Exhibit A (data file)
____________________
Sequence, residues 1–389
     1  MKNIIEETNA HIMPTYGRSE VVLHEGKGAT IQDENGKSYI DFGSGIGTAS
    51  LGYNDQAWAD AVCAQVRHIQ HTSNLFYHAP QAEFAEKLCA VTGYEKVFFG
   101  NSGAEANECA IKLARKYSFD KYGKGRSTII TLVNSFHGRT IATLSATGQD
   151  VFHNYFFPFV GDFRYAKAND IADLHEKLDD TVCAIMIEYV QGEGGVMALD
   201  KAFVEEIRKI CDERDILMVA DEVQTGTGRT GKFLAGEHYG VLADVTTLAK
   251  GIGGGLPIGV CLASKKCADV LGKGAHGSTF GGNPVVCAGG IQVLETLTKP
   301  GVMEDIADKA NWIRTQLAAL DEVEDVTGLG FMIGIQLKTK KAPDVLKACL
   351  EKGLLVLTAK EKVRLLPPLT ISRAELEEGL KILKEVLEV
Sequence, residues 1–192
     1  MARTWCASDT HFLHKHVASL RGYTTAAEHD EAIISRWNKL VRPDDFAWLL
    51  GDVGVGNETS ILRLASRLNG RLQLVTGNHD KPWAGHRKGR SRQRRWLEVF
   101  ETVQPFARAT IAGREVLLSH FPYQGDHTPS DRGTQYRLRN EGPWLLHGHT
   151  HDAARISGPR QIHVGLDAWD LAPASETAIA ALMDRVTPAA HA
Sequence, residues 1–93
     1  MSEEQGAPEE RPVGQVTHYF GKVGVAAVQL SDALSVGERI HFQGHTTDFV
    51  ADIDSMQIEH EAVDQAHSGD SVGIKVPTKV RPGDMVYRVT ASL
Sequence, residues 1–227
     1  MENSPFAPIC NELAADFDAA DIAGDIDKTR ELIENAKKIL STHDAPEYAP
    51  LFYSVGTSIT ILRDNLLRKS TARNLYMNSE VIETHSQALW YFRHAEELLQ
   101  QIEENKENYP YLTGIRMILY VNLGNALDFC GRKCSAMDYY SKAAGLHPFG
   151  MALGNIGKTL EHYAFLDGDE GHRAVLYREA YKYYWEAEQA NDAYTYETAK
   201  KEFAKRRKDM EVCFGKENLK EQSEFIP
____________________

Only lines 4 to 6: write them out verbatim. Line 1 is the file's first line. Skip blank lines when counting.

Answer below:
   101  NSGAEANECA IKLARKYSFD KYGKGRSTII TLVNSFHGRT IATLSATGQD
   151  VFHNYFFPFV GDFRYAKAND IADLHEKLDD TVCAIMIEYV QGEGGVMALD
   201  KAFVEEIRKI CDERDILMVA DEVQTGTGRT GKFLAGEHYG VLADVTTLAK